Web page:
Figure 2: Biogas use in Denmark (Source: Carsten Rosendahl)

How can this help renewable gas in Australia?

Before identifying how Australia can learn from this journey, it is useful to compare the characteristics of the two countries.

Country Characteristic Australia Denmark
Population 25,403,860 5,774,024
Area (m²) 7,741,220 42,924 (excluding Greenland)
Largest city & population Sydney (4.92 m) Copenhagen (1.15 m)
Gross Domestic Product A$1.69 trillion (USD$0.46t) USD$0.32 trillion
Energy consumption per capita pa Electricity – 9,325 kWh

Gas – 1,839 m³

Electricity – 5,728 kWh

Gas – 540 m³

Major industries Services








Biogas projects 242 160

Figure 3: Country characteristics of Australia and Denmark (Various sources including Australian Bureau of Statistics, The World Atlas,

Simplistically, Australia has about five times the population and similar GDP as Denmark on a land mass that is 180 times bigger. Australia’s largest city has roughly the same population as all of Denmark.

Given Denmark is a global leader in bioenergy, it is interesting to note that Australia has more biogas plants. However, none of Australia’s plants upgrade the gas to feed into the energy network.

A major difference between Denmark and Australia is hydrogen.

Australia is looking at the potential of hydrogen as both a fuel for exports and for domestic use, while Denmark appears to focus on bioenergy. This creates additional opportunities for renewable gas in Australia as biogas, hydrogen and renewable methane (from renewable hydrogen) can be considered as future fuels.

Another major difference is accessing the bioenergy resource.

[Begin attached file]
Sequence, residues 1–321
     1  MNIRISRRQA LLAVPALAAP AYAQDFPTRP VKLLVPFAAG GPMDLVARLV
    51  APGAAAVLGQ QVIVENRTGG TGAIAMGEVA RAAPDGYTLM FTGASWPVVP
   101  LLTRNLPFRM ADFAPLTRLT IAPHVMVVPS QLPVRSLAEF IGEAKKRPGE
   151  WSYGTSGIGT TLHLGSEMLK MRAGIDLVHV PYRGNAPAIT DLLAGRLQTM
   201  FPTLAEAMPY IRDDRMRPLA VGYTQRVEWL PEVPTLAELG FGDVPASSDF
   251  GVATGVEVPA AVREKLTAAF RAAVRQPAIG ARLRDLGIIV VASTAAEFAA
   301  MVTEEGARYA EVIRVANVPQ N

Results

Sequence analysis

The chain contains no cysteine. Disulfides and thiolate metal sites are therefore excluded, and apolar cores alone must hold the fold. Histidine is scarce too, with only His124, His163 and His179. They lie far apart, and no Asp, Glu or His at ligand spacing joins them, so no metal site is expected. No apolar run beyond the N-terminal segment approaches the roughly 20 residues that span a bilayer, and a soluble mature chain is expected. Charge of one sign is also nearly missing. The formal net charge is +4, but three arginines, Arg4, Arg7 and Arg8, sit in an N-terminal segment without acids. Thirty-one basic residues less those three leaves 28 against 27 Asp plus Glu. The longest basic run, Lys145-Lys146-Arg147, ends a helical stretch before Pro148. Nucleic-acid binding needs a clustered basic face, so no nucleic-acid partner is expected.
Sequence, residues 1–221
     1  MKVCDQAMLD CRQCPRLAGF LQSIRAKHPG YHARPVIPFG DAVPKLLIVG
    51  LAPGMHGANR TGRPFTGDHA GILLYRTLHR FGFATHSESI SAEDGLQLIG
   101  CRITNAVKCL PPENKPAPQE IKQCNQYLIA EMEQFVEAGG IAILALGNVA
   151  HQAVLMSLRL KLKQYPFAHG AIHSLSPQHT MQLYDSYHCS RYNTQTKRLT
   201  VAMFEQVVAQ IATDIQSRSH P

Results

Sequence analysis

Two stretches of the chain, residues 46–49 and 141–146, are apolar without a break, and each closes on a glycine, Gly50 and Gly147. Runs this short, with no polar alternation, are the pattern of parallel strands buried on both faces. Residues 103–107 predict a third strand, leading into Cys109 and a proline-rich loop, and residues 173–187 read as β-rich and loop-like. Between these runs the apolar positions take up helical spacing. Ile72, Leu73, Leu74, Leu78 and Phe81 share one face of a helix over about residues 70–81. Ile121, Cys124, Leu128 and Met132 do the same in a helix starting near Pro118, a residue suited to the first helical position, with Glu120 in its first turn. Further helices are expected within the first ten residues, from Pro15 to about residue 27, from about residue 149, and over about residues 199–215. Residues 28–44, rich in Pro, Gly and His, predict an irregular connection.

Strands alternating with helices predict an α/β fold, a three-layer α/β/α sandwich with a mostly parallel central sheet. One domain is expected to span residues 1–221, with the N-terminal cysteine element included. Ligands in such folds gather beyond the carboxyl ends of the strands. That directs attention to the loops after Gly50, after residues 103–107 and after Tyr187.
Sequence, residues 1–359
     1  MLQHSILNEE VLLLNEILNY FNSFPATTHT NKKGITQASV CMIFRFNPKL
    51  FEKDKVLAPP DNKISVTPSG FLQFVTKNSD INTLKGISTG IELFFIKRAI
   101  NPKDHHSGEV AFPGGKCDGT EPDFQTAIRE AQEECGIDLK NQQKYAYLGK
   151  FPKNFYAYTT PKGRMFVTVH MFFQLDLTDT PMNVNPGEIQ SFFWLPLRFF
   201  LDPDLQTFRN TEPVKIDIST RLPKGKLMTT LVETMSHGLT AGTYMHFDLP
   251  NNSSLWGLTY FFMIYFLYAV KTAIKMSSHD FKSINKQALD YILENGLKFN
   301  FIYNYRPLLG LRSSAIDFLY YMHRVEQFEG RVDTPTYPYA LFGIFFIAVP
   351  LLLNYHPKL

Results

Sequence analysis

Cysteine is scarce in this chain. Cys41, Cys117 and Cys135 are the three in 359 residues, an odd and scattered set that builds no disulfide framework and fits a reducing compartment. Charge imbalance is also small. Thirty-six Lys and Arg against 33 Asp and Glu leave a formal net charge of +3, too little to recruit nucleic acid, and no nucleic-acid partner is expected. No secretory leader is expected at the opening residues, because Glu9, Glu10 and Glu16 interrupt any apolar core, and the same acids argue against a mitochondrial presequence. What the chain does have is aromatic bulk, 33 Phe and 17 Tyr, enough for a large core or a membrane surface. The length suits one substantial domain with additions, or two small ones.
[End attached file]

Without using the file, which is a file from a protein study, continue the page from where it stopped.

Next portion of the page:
Denmark has intensive farming practices and a small land mass that make it very suitable to collect the biomass and convert that to biogas that can be used locally. Australia has different agricultural practices where it is impractical to collect the biomass potential across the country, convert that to biogas and then distribute it to the high gas demand centres.

Nevertheless, biogas opportunities exist around the country that can supplement natural gas consumption in the immediate future and complement hydrogen in the longer-term.

What is needed

Recommendations to advance Australia’s renewable gas economy have been identified in reports from ENEA Consulting[2] and Energetics[3], both of which were released at the Renewable Gas Symposium.

The common elements to advance renewable gas in Australia require that a broad range of policies work together to create the right settings to support renewable gas being injected into the network.

On the one hand, mechanisms are needed to support the development of new projects such as grants, loans, contracts for different or feed-in tariffs. On the other hand, targets could also drive the industry by creating an impetus for renewable gas projects. These targets could be adjusted over time to continue driving the sector.

From a gas perspective, Denmark’s green transition focusses on biogas from agricultural waste. The pathway chosen has created useful lessons from which Australia can benefit.

The best learning we can take from the Danes is not which policy settings to adopt, but recognition that reaching 100 per cent renewables (or any major target) takes many decades’ hard work and dedicated government support to ensure progress continues to be made.